As ever, it is a pleasure to serve under your chairmanship, Sir Charles. I congratulate Nadia Whittome on securing this hugely important debate. The beginning of the new Parliament is the perfect time to raise the issue.
I am delighted to be continuing in my role as the Scottish National party shadow International Development Secretary. I am particularly focused on the need to tackle climate change globally and to ensure that there is climate justice. That, I believe, will be a regular topic, if not the key topic, in this Parliament, and the defining feature of the next decade. Prior to last year’s general election, I was proud to propose the opening resolution—passed by acclaim—at the SNP conference on climate justice. We recognise that, while it has been the most developed and industrialised countries that have been the biggest contributors to carbon emissions, it is the poorest communities in the world who feel the devastating impact of climate change. We must recognise this reality and our obligation to right this wrong. Countries that have become prosperous while damaging the environment have a responsibility to help developing countries adapt to the consequences of climate change.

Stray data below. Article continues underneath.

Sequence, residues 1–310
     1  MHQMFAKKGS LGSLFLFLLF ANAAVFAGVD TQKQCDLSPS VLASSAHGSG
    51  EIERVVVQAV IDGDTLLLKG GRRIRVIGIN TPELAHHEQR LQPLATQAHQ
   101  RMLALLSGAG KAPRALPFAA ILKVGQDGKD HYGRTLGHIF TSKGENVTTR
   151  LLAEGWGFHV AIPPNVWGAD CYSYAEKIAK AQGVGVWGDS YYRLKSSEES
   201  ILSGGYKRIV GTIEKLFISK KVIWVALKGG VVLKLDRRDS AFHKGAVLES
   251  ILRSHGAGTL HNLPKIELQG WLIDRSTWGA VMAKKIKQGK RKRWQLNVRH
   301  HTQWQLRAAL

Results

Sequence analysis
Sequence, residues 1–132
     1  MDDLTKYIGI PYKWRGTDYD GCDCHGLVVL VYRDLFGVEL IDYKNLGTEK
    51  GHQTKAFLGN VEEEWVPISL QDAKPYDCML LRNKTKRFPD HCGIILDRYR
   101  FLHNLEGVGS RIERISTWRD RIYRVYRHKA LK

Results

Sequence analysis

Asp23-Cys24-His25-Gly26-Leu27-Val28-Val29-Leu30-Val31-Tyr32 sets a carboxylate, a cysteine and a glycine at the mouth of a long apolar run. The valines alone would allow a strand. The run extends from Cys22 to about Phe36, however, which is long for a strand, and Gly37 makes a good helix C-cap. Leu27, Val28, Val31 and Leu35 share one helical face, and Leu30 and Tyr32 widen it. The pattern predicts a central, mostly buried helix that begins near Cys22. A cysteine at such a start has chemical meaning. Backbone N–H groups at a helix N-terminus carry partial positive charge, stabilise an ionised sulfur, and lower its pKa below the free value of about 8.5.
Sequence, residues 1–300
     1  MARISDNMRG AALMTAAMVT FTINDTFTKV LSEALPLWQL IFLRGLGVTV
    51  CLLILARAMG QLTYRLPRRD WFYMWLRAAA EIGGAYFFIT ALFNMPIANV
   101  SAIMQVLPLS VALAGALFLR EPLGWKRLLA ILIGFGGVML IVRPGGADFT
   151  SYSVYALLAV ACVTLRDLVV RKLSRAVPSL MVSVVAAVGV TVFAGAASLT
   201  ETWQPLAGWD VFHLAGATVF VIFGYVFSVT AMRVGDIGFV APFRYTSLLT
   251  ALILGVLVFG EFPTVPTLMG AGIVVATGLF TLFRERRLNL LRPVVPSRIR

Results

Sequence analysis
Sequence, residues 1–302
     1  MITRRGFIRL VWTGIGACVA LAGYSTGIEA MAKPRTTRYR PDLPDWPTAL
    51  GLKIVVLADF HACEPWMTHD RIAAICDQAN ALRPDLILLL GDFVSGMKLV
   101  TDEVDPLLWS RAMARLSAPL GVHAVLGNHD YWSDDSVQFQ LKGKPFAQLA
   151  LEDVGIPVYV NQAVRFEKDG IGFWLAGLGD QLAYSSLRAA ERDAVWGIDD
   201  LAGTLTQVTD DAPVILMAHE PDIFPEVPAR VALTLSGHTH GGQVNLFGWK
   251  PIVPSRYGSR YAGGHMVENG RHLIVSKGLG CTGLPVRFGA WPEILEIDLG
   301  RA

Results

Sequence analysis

That is not just empty rhetoric. The SNP Scottish Government have been at the forefront of the global fight, tackling climate change and delivering climate justice, and showed bold leadership in establishing the world’s first climate justice fund in 2012. By 2021, £21 million will have been distributed through the fund, which is now supporting projects in Malawi, Zambia, Tanzania and Rwanda. Some of the fund’s successes so far include establishing 217 village-level committees to support water resource management and resilience, improving agricultural practices and irrigation services for more than 11,000 people, and providing 110,000 people with training in climate change. Going forward, the climate challenge programme in Malawi will support rural communities to identify and implement their own solutions for adapting to and building resilience against the worst effects of climate change.